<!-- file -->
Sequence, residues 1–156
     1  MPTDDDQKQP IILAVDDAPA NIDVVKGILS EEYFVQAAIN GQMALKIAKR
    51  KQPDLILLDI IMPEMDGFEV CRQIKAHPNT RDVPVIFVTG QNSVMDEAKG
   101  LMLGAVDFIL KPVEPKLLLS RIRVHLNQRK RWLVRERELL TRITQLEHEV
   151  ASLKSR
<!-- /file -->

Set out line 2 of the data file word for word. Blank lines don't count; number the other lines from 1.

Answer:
     1  MPTDDDQKQP IILAVDDAPA NIDVVKGILS EEYFVQAAIN GQMALKIAKR